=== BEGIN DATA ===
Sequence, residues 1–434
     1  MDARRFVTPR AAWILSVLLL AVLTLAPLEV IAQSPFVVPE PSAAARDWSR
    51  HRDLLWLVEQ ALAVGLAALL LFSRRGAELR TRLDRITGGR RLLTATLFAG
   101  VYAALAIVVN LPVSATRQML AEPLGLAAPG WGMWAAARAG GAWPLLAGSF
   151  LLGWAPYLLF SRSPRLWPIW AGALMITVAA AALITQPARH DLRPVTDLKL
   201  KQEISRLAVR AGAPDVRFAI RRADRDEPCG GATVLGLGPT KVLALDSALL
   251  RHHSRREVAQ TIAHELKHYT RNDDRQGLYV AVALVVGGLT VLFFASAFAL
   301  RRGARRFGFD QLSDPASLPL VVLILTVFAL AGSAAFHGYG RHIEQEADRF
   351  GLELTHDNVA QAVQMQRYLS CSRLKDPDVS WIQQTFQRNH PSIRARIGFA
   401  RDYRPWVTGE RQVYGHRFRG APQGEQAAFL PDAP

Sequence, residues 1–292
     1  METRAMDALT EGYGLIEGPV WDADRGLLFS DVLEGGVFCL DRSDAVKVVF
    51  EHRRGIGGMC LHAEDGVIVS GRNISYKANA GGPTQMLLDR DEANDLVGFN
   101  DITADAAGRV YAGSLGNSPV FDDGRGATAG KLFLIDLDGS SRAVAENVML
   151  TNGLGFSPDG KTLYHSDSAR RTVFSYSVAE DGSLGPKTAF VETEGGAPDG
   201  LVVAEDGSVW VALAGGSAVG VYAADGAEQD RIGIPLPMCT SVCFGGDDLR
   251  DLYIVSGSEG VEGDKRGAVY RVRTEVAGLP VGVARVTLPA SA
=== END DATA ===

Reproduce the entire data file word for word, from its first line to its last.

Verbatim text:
Sequence, residues 1–434
     1  MDARRFVTPR AAWILSVLLL AVLTLAPLEV IAQSPFVVPE PSAAARDWSR
    51  HRDLLWLVEQ ALAVGLAALL LFSRRGAELR TRLDRITGGR RLLTATLFAG
   101  VYAALAIVVN LPVSATRQML AEPLGLAAPG WGMWAAARAG GAWPLLAGSF
   151  LLGWAPYLLF SRSPRLWPIW AGALMITVAA AALITQPARH DLRPVTDLKL
   201  KQEISRLAVR AGAPDVRFAI RRADRDEPCG GATVLGLGPT KVLALDSALL
   251  RHHSRREVAQ TIAHELKHYT RNDDRQGLYV AVALVVGGLT VLFFASAFAL
   301  RRGARRFGFD QLSDPASLPL VVLILTVFAL AGSAAFHGYG RHIEQEADRF
   351  GLELTHDNVA QAVQMQRYLS CSRLKDPDVS WIQQTFQRNH PSIRARIGFA
   401  RDYRPWVTGE RQVYGHRFRG APQGEQAAFL PDAP

Sequence, residues 1–292
     1  METRAMDALT EGYGLIEGPV WDADRGLLFS DVLEGGVFCL DRSDAVKVVF
    51  EHRRGIGGMC LHAEDGVIVS GRNISYKANA GGPTQMLLDR DEANDLVGFN
   101  DITADAAGRV YAGSLGNSPV FDDGRGATAG KLFLIDLDGS SRAVAENVML
   151  TNGLGFSPDG KTLYHSDSAR RTVFSYSVAE DGSLGPKTAF VETEGGAPDG
   201  LVVAEDGSVW VALAGGSAVG VYAADGAEQD RIGIPLPMCT SVCFGGDDLR
   251  DLYIVSGSEG VEGDKRGAVY RVRTEVAGLP VGVARVTLPA SA